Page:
It took five long years of seeing many doctors, with a million different diagnoses and tests, to finally have a diagnosis of fibromyalgia. The mental anguish I went through was astounding and very draining. Most doctors ignored my symptoms and treated me like I was exaggerating or making them up. “Just take a Tylenol.” “Exercise more.” “Get some rest.” “There is nothing I can do for you,” etc.
In June 2016, I had horrible pain in my neck, arms and shoulders. I called my primary and he said, “Take a Tylenol.” I told him this pain was worse than before. Needless to say, the Tylenol did nothing. I called back and was told the only available appointment was in three weeks.
A week later, the pain was worse and I started to have trouble walking. My muscles felt like they were being pulled and tight. I could only take baby steps and I felt so weak, completely exhausted – like the wind had been knocked out of me. I went to the ER. They panicked and assumed it was a stroke. I said it was on both sides, but no one listened.
After a slew of tests for the heart, brain, back, blood, etc., everything was normal. They kept me overnight for observation. I tried walking around the corridor of my floor, but it was so painful and difficult. I just laid there, terrified of what could be wrong with me. What if I got worse?Why were there no answers? I felt trapped within my own body.
The next morning, after a night of tossing and turning and barely getting any sleep, my primary said, “It’s probably peripheral neuropathy.” Probably? “I am going to prescribe Lyrica in high doses and see if that helps.”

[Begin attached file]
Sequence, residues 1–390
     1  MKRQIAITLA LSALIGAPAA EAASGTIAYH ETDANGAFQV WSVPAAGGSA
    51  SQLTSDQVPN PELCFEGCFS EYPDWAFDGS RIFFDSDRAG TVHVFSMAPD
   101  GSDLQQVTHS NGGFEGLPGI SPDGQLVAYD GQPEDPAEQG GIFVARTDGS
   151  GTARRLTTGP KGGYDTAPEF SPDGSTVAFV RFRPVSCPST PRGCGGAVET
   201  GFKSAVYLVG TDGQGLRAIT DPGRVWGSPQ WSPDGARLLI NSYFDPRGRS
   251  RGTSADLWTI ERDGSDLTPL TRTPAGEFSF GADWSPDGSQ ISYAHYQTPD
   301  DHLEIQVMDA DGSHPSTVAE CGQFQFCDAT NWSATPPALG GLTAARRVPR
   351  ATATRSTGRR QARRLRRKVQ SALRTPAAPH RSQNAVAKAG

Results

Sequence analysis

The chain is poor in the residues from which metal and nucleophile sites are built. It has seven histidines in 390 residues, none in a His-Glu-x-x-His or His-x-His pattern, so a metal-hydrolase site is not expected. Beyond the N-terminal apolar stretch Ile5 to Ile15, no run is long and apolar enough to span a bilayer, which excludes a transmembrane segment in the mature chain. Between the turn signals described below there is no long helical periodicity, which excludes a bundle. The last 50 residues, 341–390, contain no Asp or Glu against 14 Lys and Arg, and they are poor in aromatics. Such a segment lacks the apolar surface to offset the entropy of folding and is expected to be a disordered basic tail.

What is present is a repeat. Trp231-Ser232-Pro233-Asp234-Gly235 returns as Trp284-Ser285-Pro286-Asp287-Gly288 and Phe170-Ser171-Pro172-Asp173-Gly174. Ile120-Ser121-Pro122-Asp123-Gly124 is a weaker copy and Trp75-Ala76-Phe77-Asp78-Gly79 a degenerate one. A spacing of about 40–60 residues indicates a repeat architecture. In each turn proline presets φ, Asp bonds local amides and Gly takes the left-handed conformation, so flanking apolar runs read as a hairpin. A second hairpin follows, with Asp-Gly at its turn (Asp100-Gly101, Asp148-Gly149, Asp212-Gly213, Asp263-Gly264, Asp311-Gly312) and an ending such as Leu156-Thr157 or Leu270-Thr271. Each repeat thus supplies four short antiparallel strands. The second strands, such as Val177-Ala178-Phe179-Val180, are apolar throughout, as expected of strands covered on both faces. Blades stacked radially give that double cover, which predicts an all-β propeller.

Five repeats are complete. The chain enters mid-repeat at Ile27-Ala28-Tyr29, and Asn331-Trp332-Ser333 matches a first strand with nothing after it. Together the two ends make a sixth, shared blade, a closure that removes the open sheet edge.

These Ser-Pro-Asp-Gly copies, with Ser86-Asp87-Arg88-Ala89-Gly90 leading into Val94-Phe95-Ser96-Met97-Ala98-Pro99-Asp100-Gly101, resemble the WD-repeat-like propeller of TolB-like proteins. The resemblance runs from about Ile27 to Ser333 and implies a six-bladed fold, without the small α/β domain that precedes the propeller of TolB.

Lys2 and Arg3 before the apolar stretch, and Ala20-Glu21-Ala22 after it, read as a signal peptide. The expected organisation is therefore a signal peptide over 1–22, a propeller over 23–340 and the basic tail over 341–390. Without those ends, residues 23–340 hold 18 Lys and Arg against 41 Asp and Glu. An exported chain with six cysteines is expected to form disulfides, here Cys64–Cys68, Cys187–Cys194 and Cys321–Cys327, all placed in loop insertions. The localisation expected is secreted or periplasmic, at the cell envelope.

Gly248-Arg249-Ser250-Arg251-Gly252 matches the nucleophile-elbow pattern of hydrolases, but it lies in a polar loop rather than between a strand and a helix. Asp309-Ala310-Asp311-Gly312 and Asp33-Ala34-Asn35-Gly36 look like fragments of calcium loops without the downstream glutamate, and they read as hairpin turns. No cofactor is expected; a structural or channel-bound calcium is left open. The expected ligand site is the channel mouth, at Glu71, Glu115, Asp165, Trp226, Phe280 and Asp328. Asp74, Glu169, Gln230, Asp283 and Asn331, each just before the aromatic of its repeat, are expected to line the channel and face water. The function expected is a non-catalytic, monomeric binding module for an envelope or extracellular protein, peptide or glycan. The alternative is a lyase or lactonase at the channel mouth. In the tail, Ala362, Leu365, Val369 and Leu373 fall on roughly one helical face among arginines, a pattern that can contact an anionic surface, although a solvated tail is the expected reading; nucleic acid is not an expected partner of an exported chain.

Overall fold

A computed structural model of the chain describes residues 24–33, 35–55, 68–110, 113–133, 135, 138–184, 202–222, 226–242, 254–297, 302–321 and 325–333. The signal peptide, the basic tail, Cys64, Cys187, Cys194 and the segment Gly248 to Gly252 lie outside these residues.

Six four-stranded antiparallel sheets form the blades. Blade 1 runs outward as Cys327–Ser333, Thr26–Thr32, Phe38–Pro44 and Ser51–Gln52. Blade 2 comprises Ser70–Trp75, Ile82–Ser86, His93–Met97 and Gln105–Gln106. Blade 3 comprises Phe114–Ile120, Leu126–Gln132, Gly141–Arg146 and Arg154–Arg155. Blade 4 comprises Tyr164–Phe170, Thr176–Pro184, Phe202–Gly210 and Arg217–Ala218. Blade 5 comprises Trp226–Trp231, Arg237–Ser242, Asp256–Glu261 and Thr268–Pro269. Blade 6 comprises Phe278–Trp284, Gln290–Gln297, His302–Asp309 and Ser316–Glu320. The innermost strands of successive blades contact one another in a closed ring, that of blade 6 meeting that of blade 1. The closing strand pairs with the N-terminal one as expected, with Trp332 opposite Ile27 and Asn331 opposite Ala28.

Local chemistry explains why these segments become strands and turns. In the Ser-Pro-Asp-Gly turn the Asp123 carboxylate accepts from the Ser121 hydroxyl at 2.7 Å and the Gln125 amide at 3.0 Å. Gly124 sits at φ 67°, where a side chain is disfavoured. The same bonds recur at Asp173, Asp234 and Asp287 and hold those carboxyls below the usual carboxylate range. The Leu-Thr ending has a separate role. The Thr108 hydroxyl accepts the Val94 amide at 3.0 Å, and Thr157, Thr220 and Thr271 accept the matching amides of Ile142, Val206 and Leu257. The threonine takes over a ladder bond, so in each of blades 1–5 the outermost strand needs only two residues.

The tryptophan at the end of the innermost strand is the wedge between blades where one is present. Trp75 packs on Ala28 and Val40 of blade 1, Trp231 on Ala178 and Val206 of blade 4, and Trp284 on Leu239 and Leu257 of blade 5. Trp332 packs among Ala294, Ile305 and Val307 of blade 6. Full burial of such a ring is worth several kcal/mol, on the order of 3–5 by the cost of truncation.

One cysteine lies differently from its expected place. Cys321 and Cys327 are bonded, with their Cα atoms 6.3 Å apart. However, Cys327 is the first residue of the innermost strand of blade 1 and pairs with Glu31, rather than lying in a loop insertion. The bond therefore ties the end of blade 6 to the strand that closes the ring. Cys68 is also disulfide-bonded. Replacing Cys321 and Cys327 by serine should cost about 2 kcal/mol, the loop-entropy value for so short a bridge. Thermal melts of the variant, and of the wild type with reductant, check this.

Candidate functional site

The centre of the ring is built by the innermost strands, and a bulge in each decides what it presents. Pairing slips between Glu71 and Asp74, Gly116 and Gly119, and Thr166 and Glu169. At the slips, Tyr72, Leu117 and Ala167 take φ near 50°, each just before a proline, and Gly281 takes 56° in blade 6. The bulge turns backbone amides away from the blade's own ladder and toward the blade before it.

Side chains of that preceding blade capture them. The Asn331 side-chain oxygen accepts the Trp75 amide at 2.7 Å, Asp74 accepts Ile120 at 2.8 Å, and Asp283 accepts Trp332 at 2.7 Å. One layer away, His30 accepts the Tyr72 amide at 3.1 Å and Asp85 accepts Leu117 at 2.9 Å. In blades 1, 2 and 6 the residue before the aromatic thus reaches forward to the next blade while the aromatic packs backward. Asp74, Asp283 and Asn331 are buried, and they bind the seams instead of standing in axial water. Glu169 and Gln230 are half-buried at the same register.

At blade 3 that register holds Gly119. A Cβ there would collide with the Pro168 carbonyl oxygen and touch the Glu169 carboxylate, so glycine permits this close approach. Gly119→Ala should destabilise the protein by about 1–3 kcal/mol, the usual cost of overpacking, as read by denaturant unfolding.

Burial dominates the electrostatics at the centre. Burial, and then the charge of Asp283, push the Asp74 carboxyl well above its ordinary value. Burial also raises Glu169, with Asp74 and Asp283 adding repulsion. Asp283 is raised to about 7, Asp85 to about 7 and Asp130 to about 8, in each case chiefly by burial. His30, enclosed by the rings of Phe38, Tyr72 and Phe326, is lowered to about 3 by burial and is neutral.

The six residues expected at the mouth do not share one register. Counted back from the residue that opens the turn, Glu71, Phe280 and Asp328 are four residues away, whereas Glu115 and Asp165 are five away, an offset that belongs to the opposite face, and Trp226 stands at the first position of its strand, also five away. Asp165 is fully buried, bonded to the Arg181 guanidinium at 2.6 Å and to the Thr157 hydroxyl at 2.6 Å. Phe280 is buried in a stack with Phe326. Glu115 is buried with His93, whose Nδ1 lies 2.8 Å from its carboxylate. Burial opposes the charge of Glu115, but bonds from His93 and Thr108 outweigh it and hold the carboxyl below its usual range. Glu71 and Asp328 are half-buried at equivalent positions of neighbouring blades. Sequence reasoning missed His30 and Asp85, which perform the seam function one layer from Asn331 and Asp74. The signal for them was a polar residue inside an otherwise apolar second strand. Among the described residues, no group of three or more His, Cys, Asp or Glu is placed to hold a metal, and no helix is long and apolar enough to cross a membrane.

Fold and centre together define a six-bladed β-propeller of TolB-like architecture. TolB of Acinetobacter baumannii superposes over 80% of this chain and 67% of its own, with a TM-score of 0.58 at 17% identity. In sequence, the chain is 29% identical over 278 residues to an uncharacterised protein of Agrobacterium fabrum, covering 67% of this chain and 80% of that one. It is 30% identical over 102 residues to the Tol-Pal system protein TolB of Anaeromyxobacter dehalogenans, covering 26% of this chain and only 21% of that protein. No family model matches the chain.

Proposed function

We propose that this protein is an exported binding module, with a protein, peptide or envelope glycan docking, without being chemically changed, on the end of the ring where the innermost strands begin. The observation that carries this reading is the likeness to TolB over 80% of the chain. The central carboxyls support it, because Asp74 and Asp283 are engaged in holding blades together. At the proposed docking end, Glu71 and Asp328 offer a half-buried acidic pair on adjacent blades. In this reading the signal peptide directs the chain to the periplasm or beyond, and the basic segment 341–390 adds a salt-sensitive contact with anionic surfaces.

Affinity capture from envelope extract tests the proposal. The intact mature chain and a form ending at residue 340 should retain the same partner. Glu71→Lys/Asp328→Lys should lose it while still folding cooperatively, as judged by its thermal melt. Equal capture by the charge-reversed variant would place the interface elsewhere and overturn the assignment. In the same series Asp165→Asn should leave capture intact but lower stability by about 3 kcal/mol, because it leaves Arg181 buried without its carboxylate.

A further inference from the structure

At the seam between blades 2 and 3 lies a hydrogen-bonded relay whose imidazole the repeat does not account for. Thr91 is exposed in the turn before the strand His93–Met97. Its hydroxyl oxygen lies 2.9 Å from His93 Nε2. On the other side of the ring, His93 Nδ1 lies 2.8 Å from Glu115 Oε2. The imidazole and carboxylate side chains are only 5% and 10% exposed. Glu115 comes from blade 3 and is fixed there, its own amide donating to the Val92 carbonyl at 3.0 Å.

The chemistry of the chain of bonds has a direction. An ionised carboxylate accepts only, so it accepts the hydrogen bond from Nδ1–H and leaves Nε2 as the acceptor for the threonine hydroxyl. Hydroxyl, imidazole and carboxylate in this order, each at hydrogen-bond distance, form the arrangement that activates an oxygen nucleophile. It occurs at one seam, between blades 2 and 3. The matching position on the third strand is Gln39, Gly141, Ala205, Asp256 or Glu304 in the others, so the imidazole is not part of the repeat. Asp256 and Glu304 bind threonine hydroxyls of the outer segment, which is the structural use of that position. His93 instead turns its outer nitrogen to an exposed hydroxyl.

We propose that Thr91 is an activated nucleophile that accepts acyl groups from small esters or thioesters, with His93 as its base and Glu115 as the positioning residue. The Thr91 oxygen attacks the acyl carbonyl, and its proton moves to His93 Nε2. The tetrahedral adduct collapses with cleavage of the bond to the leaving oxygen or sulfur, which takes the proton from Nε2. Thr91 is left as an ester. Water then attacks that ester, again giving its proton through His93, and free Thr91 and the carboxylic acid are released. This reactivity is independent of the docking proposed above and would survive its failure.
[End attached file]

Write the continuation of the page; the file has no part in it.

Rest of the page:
I followed up with a neurologist who also ran a battery of his own tests: EMG, physical (head to toe), etc. He ordered a brain MRI, because he suspected multiple sclerosis and wanted to rule it out. More terror, fear and rampant thoughts. I could not sleep or eat. The fear was consuming me.
Two weeks later, I went back to see the neurologist and he said it was not MS, but fibromyalgia. I had never heard of it, but I remember sighing a huge sigh of relief that there was finally a diagnosis and hopefully a treatment plan. The doctor did not know a lot about fibromyalgia, except to say the best thing for it was exercise. I thought to myself, how does one exercise feeling like this?
I started seeing a rheumatologist and he was pretty much the same – “There is not much I can do except send you for physical therapy and prescribe Neurontin because the Lyrica made you sick.”
We go through so much mental anguish, fear, uncertainty, etc. just living with this day to day, and the medical community seems to be so uninformed. I myself had never heard of fibromyalgia. “There is nothing I can do” is the most common response.
I advocate for the millions of us who struggle with the disease. I am now a committee member of the Fibromyalgia Care Society of America and we are holding a walk on June 3rd at Branch Brook Park in Newark, NJ.
FCSA is currently working with leading medical colleges and
teaching hospitals throughout the country to develop the standards of care model and offer elite multidisciplinary care to those living with fibromyalgia. We also have a virtual page for folks who would like to contribute to help us obtain a Center of Excellence for the care and treatment of fibromyalgia.
Inform yourselves, research, read books, don’t be afraid to ask questions. Reach out to the millions who have fibromyalgia. You are not alone.
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